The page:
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Future Microbiol. 2010 Apr;5(4):649-61. doi: 10.2217/fmb.10.17.

Subpopulations of Francisella tularensis ssp. tularensis and holarctica: identification and associated epidemiology.

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Centers for Disease Control & Prevention, Division of Vector-Borne Diseases, Bacterial Diseases Branch, 3150 Rampart Road, Fort Collins, CO 80521, USA.


Tularemia is primarily caused by two subspecies of Francisella tularensis worldwide, ssp. tularensis (type A) and ssp. holarctica (type B), which were originally delineated by phenotypic differences. Application of molecular typing methods to investigate population structure of F. tularensis has confirmed that categorizing the two subspecies via phenotypic characteristics corresponds with genotypic differentiation. In addition, genotyping methods have demonstrated that both subspecies, type A and type B, can be further distinguished into subpopulations and, in some cases, biological relevance has been ascribed to these identified subpopulations. Genetic variation among both type A and type B subpopulations has been shown to correlate with differences in geographic distribution and has also been coupled to distinct ecological niches, animal hosts and replication foci. Among type A subpopulations, strain variation is linked to differing clinical manifestations in humans and virulence in mice. This article will highlight our current understanding of F. tularensis subpopulations, including methods for their detection, their observed epidemiologic differences, implications for public health and basic research programs, as well as future challenges yet to be solved.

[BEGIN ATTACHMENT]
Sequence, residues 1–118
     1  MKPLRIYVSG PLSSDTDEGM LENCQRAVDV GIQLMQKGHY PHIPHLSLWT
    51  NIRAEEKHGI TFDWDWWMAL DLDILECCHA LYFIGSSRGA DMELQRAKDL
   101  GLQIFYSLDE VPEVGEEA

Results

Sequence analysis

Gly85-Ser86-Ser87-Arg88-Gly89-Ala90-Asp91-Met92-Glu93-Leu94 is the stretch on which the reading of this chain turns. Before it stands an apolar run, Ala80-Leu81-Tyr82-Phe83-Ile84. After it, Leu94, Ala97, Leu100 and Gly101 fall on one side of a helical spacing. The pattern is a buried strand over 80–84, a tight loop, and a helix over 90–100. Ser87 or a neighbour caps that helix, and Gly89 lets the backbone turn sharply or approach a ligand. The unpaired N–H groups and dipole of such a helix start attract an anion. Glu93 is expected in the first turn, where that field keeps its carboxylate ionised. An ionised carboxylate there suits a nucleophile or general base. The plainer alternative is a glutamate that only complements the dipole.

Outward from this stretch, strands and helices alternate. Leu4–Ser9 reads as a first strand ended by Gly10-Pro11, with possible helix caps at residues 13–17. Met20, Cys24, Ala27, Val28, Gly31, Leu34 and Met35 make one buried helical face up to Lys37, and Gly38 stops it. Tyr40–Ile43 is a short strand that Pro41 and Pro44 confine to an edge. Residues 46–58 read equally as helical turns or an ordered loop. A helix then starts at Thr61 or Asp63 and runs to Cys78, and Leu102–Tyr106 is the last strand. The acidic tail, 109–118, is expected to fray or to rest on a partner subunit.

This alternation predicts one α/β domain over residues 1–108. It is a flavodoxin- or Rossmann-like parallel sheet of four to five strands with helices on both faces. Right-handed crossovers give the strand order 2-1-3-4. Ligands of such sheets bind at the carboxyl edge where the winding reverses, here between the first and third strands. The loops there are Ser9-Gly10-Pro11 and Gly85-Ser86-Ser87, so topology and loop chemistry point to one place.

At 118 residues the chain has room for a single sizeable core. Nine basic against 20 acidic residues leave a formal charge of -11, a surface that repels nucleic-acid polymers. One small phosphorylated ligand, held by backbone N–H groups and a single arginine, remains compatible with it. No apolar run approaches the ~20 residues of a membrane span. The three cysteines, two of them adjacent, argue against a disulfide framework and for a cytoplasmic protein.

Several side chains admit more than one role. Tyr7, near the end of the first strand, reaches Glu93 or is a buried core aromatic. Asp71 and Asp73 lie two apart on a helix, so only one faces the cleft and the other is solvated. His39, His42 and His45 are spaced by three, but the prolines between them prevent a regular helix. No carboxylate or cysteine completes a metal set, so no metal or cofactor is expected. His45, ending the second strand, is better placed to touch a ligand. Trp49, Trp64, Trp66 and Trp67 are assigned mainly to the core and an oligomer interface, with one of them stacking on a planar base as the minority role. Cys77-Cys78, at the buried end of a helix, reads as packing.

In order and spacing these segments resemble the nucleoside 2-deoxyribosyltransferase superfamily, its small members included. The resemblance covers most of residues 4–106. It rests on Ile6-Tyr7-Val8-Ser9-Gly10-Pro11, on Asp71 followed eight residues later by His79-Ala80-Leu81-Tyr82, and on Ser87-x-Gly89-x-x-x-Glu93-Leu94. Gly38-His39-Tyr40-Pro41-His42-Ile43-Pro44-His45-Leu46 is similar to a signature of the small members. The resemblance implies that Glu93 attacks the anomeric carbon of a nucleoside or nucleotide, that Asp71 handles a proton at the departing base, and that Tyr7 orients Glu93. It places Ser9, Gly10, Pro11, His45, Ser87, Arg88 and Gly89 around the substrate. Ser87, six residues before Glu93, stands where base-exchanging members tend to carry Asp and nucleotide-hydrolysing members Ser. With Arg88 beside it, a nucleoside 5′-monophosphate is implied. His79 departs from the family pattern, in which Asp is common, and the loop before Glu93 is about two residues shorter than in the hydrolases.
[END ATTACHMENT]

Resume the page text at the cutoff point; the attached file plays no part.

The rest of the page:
[Indexed for MEDLINE]

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